Our earlier understanding of the Milky Way dates back to the 1800's Thomas Wright, an English astronomer, and Immanuel Kant, a German philosopher. Wright, by counting the number of stars visible in different directions, concluded that the solar system was near the center of a spherical cloud of stars rather than a flat disk, as had been suggested by Immanuel Kant. Because Wright thought the Milky Way was spherical, he thought the stars would lie in all directions of the night sky.
Today, it is inarguable that the basic shape of the Milky Way is a spiral flat disk. For instance, a budding astronomer can go outside on a clear night and see that there are vastly more stars in the direction of the Milky Way than there are stars in any other direction. If the Milky Way had a spherical shape, one would see about the same number of stars in every direction of the night sky. However, since it is a flat disk, one sees that stars are concentrated into the band which makes up the Milky Way. Kant further proposed that the Milky Way galaxy can be used to compare other existing galaxies. For example, it was assumed that every galaxy was shaped as a flat disk. In addition, the surface brightness of galaxies seemed fairly low, through observation of faint stars which appeared to have a relatively uniform lack of volume of light in the Milky Way.
Wright's inconclusive argument was further redefined toward the end of the 18th century by an English astronomer named Sir William Herschel. Herschel incorrectly concluded that the Sun was the center of the Milky Way. Herschel did not have a method to measure distances to the stars, so he could not determine the Milky Way's size; Therefore, it is known that he was led astray because he did not know that dust clouds mask out distant stars and prevent us from seeing our galaxy's actual shape and size.
The size of the Milky Way was first measured in the early 1900's by a Dutch astronomer, Jacobus C. Kapteyn and the American astronomer, Harlow Shapley. Kapteyn used Herschel's method and added his own data, strengthened by his knowledge of distance to nearby stars. Kapteyn measured the distance to nearby stars by a scientific method called stellar parallax, or a change in an object's apparent position caused by a change in the observer's position. A familiar example is easy to demonstrate. Even a novice astronomer can hold his or her hand motionless at arm's length and close one eye to observe what seems to be a shift in the position of his or her finger. Repeating this exercise, now closing the other eye, causes the finger to appear to move against the background, although, in reality, his or her eyes have the changed the viewing position, and the finger has remained stationery.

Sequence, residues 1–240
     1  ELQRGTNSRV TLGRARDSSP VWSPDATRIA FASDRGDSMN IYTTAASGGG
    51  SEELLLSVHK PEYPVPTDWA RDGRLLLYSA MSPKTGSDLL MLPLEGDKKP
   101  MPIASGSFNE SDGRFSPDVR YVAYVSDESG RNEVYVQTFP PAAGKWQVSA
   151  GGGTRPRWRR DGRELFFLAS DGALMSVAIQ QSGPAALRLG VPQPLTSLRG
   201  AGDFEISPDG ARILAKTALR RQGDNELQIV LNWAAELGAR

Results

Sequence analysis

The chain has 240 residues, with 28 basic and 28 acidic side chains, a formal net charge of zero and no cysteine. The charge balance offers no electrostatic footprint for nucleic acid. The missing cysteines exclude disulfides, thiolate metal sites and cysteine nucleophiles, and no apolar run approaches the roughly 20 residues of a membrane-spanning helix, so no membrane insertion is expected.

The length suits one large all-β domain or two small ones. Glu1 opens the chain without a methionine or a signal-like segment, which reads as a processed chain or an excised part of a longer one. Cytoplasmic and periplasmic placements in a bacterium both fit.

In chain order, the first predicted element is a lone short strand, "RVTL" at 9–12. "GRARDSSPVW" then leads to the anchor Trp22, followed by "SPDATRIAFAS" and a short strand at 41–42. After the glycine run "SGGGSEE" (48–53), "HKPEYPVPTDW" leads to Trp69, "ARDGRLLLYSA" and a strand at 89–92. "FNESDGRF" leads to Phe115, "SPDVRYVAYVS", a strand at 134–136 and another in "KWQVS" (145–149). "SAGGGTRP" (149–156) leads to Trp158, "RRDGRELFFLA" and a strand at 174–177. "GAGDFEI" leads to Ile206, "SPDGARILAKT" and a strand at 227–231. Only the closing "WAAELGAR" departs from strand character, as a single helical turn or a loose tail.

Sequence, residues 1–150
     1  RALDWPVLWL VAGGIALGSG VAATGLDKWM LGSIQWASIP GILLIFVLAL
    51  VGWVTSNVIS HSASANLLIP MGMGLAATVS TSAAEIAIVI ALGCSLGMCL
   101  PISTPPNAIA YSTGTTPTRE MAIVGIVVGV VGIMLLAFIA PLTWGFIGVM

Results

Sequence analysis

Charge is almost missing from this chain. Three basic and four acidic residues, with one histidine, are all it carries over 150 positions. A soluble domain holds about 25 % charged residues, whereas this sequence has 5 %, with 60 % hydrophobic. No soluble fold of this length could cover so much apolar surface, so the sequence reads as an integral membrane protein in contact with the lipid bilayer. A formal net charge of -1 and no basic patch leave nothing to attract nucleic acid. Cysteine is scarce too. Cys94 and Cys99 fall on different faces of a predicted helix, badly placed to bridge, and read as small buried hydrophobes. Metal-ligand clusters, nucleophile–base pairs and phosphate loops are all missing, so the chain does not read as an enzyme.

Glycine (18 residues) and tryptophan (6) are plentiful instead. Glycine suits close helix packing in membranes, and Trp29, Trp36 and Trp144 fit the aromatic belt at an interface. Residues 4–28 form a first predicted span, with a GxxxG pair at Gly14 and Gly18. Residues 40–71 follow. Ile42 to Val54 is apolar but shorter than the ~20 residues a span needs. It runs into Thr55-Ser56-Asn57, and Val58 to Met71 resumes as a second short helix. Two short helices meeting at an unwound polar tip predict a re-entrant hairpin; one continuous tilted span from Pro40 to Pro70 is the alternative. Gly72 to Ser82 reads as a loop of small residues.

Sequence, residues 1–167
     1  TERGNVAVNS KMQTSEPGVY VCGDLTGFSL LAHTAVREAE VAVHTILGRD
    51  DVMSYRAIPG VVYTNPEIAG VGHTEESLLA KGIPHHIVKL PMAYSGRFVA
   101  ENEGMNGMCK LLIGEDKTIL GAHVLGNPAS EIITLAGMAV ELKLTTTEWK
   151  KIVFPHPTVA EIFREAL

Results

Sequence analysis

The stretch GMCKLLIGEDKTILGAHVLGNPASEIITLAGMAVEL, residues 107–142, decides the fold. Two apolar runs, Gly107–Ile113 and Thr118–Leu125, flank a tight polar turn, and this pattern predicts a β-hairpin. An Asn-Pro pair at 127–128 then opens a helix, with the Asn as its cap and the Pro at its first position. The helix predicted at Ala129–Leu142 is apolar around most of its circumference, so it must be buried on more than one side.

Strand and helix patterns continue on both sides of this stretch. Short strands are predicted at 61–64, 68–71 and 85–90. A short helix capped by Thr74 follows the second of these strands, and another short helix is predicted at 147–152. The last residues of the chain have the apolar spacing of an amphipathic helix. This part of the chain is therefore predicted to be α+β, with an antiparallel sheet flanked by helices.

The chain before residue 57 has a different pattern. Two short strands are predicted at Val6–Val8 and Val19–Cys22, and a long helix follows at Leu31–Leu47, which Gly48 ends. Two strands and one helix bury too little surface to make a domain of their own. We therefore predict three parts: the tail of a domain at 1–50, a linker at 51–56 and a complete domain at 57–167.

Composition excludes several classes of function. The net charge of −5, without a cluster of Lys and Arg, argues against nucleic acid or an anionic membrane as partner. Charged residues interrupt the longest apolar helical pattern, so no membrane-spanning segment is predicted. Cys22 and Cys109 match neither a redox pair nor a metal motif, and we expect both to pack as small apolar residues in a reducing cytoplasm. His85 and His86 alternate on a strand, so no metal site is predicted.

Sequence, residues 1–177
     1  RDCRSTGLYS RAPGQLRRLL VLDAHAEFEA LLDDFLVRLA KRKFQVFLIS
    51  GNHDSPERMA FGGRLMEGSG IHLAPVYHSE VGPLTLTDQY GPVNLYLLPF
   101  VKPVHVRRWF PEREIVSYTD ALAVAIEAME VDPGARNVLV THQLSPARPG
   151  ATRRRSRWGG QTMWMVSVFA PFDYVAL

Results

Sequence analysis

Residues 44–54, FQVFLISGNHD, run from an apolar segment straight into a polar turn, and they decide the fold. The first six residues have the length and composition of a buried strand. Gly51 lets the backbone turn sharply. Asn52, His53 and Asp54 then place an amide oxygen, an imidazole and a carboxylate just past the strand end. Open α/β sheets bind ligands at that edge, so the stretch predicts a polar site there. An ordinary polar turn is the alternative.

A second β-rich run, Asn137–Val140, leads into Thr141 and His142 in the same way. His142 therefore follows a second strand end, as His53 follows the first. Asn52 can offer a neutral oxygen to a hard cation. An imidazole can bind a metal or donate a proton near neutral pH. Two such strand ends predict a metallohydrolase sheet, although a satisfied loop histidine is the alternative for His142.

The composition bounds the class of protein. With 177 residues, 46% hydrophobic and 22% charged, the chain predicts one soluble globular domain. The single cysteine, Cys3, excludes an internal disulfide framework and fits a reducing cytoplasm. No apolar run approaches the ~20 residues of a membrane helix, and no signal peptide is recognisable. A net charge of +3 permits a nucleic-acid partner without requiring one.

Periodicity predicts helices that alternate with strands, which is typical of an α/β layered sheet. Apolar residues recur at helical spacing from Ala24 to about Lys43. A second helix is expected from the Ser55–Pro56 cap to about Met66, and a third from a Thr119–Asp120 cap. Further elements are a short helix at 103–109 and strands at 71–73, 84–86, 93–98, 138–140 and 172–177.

This at-home demonstration helps us understand how parallax gives us the ability to see things three dimensionally. When we look at something, each eye sends a slightly different image to the brain, which then processes the pictures to determine the object's distance. To observe stellar parallax, astronomers take advantage of the Earth's motion around the Sun. They observe a star and carefully measure its position against background stars. They then wait six months--until the Earth has moved to the other side of its orbit--and make a second measurement. As a result, the star's position has changed, observed in comparison with the background stars. The angular distance that a star's apparent position changes depends on its distance from us. Although the change is larger for nearby stars than it is for more distant stars, the angular distance is extremely small for all stars. In fact the distance is so insignificant that that it is measured, not in degrees, but fractional degrees called "arc seconds."
A star's parallax (p) is defined as related to half of the degrees of angle created when the star changes position. Using that definition for parallax (p), the star's distance, (d) can be calculated using 1 / p, if we measure (p) in arc seconds, and (d), not in kilometer or light years, but in a new unit called "parsecs". This word comes from a combination of "parallax" and "arc seconds." There are 3,600 arc seconds in one degree.